Make sure you are friendly and gracious when saying goodbye. Don’t burn bridges, always part ways on good terms. Give people a good experience and they will remember you fondly.
Even in the event that they still decide to leave anyway, a personal goodbye message helps to strengthen your relationship with them.
When you make your messages personalized for your customers and clients, you welcome to return anytime, making it a lot more likely they will engage with your brand again in the future.
5. Offer Incentives to Encourage Users to Stay
Another way to turn lemons into lemonade with regard to email unsubscribe pages is to offer incentives to keep users subscribed.
There are many different ways to encourage email subscribers to stay on your list, such as:
- Offer Discounts: Discounts are a great way to entice people to stay subscribed. For instance, you might have a pop-up offering a 25% discount on their next purchase if the user chooses to stay.
- Remind Subscribers What You Have To Offer: Unsubsribe pages are a great place to highlight resources, platforms, and content from your brand that subsribers may not even know you have. For example, you can create a list with social media channels, podcast directories, online course course platforms, on-site blogs, and everything else you offer your subscriber with your email updates and newlsetters.
- Offer a Frequency Downgrade: Sometimes people hit the “unsubscribe” buttons as a way to reduce the number of emails they are getting. They might choose to stay on your list if you offer a frequency downgrade where they receive your messages less often.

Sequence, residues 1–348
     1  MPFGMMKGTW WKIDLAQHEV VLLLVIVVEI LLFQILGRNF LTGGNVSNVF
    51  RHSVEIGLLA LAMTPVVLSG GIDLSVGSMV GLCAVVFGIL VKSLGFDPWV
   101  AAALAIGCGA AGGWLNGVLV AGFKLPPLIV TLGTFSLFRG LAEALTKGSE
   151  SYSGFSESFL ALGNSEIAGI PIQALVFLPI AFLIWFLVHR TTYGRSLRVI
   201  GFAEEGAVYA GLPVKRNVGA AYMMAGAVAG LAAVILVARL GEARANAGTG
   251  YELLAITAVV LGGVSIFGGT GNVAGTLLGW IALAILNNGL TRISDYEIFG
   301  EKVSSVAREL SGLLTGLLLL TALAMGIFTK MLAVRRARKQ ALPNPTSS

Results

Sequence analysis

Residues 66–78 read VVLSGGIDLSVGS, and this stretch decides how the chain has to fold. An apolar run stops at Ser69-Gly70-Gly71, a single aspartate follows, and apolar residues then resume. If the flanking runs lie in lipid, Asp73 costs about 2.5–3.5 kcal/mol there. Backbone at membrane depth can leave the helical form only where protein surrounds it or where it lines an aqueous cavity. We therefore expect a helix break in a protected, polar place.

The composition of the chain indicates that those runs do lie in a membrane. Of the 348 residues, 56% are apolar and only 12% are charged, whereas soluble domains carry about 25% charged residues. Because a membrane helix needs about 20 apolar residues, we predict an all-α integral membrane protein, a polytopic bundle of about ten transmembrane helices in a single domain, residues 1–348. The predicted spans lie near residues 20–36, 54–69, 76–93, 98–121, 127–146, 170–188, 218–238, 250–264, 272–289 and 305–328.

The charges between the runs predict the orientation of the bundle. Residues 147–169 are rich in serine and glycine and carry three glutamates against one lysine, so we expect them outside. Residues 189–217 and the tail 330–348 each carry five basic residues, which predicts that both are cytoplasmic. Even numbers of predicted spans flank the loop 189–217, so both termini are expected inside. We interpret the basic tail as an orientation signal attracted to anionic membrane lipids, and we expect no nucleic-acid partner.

- Offer to Personalize Their Subscription: Yet another smart way to approach unsubscribes is to offer alternatives to personalize their subscription. For example, instead of sending them weekly or monthly newsletters that contain various types of content, you might give the subscriber category-style alternatives where they’ll only receive the type of content and promotions that appeal to them.
Here’s how Grammarly does it:
The brand offers to improve customer experience by sending different emails where subscribers can choose the type of content they get from blog posts and Grammarly offers, to progress reports, pop quiz emails, and more.
6. Encourage Unsubscribers to Follow You on Social Media
If someone is absolutely set on leaving your email list, there’s no reason to give up. You can still encourage them to connect with you on social media.
Make sure your email unsubscribe page is branded and includes social profiles and other digital marketing channels to keep them engaged with your brand even if they unsubscribe from one channel.
This will give you a chance to continue a relationship where you can nurture them, build trust, promote user-generated content for better engagement, and hopefully bring them back to your site to make a purchase – all without cluttering their inbox.
This is a simple, yet effective tactic that should be included in all unsubscribe pages. Check out this example from the popular brand, Brighton.
7. Don’t Make People Log In to Unsubscribe
The last thing you want is for your customers to leave with a bad impression, so make sure your unsubscribe process is simple and quick.